Cannabis in America
Californians to Vote on Recreational Marijuana in November
Californians will have the opportunity to vote to legalize recreational marijuana in November now that the proposed ballot measure officially meets the state’s signature requirement. California was the first state in the country to legalize medical use of the drug in 1996. If Californians vote to allow recreational use it could have a big impact on the rest of the country, considering the size of the state and the existing momentum behind legalization.
Six years ago, Californians voted against Proposition 19, a similar initiative that would have made California the first state to legalize recreation marijuana use. But since then, more states have opened up to marijuana use and California recently enacted new rules to regulate medicinal marijuana. This time around, the campaign to legalize has several prominent backers such as Lt. Gov. Gavin Newsom, billionaire Sean Parker, the California Democratic Party, and the California Medical Association.
To put the issue on the November ballot, pro-Marijuana groups needed over 365,000 signatures, but the campaign collected over 606,000.
Dr. Jill Stein, the Green Party’s presidential candidate, voiced her support for the measure on Twitter:
What Would This Mean?
If the Adult Use of Marijuana Act is passed, it would basically mean that anyone over 21 would be allowed to buy, use, and possess up to one ounce of marijuana and grow up to six plants.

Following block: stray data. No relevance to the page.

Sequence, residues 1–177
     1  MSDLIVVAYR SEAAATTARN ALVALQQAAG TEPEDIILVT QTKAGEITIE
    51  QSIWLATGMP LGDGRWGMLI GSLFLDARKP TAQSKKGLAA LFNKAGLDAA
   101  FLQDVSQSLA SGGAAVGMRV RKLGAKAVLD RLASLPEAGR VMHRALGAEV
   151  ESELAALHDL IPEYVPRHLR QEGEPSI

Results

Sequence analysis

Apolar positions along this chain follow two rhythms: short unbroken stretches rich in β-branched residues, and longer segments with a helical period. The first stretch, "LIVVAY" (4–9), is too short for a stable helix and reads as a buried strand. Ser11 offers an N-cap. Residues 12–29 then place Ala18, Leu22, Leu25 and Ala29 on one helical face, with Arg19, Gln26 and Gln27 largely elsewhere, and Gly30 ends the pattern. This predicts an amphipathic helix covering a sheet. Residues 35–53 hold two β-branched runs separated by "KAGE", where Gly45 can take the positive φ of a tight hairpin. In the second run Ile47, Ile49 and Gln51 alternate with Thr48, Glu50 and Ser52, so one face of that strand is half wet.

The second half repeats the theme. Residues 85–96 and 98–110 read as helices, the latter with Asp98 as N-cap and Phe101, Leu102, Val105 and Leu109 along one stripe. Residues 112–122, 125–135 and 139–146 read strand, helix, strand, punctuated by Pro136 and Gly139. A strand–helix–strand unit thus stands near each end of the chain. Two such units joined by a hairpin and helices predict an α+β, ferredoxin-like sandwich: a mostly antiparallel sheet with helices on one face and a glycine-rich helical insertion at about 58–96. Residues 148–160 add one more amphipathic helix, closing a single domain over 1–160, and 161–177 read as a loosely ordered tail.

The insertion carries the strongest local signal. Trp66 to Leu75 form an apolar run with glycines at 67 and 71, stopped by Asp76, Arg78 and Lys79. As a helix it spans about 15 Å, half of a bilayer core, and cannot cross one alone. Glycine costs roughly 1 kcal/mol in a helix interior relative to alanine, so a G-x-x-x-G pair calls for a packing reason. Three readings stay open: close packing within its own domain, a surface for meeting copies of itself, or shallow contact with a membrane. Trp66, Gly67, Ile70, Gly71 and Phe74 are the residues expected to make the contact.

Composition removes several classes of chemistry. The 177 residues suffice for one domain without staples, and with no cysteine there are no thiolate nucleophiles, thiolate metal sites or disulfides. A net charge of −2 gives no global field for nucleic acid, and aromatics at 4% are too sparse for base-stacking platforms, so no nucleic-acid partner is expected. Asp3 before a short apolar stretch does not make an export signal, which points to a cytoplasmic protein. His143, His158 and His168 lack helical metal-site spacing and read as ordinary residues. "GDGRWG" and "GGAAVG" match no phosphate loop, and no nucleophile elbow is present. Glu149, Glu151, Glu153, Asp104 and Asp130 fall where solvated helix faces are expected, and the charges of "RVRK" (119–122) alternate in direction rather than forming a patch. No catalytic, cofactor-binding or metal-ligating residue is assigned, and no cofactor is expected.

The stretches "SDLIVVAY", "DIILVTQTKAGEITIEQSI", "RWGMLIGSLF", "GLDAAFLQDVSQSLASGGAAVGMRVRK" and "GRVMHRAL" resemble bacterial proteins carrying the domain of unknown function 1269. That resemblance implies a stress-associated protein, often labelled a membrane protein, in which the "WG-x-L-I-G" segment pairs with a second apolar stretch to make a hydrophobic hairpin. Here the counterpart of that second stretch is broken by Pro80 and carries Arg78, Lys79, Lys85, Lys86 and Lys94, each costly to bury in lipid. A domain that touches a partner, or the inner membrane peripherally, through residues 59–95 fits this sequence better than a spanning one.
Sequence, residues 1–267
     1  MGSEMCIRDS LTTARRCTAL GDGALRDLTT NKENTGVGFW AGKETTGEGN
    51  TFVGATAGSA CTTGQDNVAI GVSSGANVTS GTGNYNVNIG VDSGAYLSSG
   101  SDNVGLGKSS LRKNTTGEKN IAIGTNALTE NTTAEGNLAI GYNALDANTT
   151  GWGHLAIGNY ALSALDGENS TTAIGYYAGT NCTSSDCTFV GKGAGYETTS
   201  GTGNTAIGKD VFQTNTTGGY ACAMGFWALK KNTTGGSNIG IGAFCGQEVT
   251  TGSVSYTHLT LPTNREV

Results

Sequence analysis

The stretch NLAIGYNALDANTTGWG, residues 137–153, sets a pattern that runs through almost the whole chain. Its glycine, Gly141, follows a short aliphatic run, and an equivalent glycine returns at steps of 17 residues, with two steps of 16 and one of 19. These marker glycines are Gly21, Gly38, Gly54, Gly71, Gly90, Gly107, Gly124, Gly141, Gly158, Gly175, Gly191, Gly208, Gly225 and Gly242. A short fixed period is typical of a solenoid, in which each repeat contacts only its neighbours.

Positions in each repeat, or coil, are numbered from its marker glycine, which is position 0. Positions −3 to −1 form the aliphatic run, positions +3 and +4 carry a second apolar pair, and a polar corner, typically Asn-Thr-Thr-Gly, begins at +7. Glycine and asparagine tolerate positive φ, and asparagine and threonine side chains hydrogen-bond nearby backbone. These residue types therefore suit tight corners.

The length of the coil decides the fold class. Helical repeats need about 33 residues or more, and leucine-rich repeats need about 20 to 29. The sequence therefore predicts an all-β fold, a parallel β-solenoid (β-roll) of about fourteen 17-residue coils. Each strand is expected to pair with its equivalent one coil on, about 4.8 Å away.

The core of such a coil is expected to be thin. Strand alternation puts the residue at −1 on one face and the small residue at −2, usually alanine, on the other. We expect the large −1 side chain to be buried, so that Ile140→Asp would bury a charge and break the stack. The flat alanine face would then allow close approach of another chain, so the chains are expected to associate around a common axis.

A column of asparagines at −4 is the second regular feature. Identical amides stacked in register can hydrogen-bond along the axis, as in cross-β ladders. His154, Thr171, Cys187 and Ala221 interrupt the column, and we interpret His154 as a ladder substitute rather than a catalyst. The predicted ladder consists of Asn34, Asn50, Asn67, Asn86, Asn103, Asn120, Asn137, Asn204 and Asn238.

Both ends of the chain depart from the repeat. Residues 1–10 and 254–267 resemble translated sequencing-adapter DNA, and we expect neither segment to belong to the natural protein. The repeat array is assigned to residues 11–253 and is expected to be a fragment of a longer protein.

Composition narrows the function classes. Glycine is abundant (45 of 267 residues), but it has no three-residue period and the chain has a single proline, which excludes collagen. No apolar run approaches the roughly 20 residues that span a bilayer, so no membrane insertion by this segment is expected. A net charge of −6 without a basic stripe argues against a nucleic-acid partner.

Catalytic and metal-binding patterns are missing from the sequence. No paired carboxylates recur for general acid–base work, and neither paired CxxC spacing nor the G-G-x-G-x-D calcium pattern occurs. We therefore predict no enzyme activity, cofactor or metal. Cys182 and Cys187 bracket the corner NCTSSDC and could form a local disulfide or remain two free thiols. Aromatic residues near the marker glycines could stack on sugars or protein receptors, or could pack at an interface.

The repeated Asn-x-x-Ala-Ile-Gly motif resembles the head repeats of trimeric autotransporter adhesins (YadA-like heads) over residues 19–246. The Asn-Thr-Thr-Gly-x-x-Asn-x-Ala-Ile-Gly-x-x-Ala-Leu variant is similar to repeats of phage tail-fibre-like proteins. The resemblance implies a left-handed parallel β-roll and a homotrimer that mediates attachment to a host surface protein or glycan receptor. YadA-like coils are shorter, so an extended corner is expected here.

It would also entail huge savings for the state considering all the marijuana related offenses and incarceration of users that no longer would have to be enforced. The savings could be as big as over $100 million per year according to a statement from California Secretary of State Alex Padilla.
Jason Kinney, a spokesperson for the campaign behind the Adult Use of Marijuana Act, said in a statement:
Today marks a fresh start for California, as we prepare to replace the costly, harmful and ineffective system of prohibition with a safe, legal and responsible adult-use marijuana system that gets it right and completely pays for itself.
The anti-Marijuana bloc consists of the California Republican Party and representatives from police and hospitals. Opponents argue that legalization would not change the black market or criminal activity, such as driving under the influence.
But if the ballot measure passes, marijuana businesses would have to be 600 feet away from any school. Related advertising would not be allowed to target kids and marijuana products could not be easily confused with candy or other products that to not contain the dr.
The ballot measure currently has a broad base of support. A recent poll conducted by the Public Policy Institute of California found that 60 percent of California voters favor of legalization.